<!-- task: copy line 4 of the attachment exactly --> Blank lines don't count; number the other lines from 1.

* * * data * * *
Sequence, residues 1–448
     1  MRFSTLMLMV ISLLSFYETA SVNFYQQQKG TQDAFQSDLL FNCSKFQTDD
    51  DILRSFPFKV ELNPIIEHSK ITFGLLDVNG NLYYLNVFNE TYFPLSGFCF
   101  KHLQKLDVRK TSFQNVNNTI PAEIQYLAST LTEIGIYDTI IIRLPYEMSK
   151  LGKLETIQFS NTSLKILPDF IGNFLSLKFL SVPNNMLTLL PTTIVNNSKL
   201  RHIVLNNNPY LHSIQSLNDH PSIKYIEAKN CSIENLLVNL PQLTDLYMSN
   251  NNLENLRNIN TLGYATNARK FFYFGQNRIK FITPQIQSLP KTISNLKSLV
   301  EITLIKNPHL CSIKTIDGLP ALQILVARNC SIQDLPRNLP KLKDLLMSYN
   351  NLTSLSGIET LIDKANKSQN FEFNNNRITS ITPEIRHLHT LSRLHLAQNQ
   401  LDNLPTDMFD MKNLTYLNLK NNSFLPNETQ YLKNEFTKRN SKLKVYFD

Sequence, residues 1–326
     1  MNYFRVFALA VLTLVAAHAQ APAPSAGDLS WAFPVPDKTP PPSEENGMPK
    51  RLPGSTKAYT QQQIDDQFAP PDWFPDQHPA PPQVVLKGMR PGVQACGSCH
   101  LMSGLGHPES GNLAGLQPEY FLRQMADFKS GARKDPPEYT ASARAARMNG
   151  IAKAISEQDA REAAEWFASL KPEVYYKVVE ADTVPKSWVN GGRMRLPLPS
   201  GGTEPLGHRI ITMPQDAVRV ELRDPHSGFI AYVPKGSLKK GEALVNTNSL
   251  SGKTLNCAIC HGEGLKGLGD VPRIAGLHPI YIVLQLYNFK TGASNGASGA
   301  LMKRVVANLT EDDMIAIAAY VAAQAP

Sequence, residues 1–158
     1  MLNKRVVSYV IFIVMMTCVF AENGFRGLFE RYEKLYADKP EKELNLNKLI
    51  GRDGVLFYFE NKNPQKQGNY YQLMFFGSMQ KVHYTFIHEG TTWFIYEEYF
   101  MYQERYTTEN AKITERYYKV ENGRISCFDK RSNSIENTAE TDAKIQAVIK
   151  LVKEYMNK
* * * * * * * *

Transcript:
   101  KHLQKLDVRK TSFQNVNNTI PAEIQYLAST LTEIGIYDTI IIRLPYEMSK